2. Polish furniture. Mix equal parts white vinegar and warm water, wipe onto wood, and polish with a chamois cloth.
3. Clean your carpet. To remove odors and stains, mix together one teaspoon of white vinegar, one teaspoon of liquid detergent, and one pint of lukewarm water.
4. Polish stainless steel. Moisten a cloth with undiluted white or cider vinegar and wipe clean.
5. Keep your pets flea-free. Put a teaspoon of vinegar to one quart of water in their drinking water to keep fleas and ticks away.
Source: Michigan State University Extension
A word about Mr. Clean …
Mr. Clean began fighting grime in 1958. A two-fisted, bald-headed, hoop-earring-wearing cleaning machine, Mr. Clean, according to the jingle, could “clean a sink quicker than a wink and a window sash faster than a flash.” This year, he ran a close second in our best cleaning product category.
Best place to store junk
Admit it. Some of that stuff really is useless garbage. But if you can’t bear to part with it, you’ve got to stash it somewhere. Overwhelmingly Detroit Home readers feel that place is the basement. An underground archive of all the things you should’ve thrown out years ago, the basement proves that the “out of sight, out of mind” approach can be just as satisfying as being organized.
The 7 best reasons to remodel
1. You aren’t getting any younger. What are you waiting for?
2. Personal reward. Because you deserve a gold-plated bathtub as much as anyone else.
3. Inheritance. Don’t you think your great-uncle George would’ve wanted you to have a sunroom? We do.
4. New baby. Your baby can’t yet say it, but she hates your taste in furniture.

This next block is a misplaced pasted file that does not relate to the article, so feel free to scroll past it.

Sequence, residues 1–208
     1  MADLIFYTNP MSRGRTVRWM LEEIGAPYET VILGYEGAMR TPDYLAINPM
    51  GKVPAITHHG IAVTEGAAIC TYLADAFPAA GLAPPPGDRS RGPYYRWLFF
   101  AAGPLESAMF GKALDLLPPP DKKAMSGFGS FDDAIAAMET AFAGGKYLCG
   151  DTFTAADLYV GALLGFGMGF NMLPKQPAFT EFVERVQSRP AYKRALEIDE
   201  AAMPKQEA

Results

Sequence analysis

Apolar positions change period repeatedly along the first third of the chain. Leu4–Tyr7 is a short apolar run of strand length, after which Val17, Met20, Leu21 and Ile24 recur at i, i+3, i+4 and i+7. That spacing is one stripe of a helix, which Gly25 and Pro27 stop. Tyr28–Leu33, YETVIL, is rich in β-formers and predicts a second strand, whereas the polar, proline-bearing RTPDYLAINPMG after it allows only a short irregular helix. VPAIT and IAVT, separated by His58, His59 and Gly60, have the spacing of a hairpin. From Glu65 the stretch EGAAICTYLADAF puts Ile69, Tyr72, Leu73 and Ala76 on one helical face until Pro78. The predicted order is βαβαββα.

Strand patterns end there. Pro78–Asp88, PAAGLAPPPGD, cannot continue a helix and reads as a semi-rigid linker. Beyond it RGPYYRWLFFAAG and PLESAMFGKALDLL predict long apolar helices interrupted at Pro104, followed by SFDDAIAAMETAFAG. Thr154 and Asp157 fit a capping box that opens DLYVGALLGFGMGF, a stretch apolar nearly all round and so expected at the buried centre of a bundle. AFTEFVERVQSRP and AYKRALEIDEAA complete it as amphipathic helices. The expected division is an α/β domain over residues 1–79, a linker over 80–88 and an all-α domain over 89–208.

5. You can’t sell your house, anyway. So if you’re going to be there for a while, it may as well be the way you want it.
6. Outdated. Style may be cyclical, but it might be another 40 years before yours comes back.
7. Need more space. Space, they say, is the final frontier.
Best décor trend
Décor trends come and go, but few affect the lives of polar bears. Had you named Hollywood glamour or Rococo, the bears would likely pay no mind. But this year’s best décor trend not only keeps your home energy-efficient, natural, and sustainable, it’s also wildly popular with arctic wildlife.
Best source for patio furniture
A love of the outdoors runs in Jimmy Sica’s family — his grandfather and father began crafting picnic tables from Michigan cedar logs 60 years ago. These days, his store (Shelby Township and Novi; www.jimmiesrustics.com) stocks all your outdoor essentials.
A word about Casual Concepts …
Established in 1981, Casual Concepts (Rochester; 248-652-1080 or www.casualconceptsinc.com) is a downtown-Rochester retailer carrying a mix of interior and exterior furnishings, with an emphasis on the casual. It was your second choice for best place for patio furniture.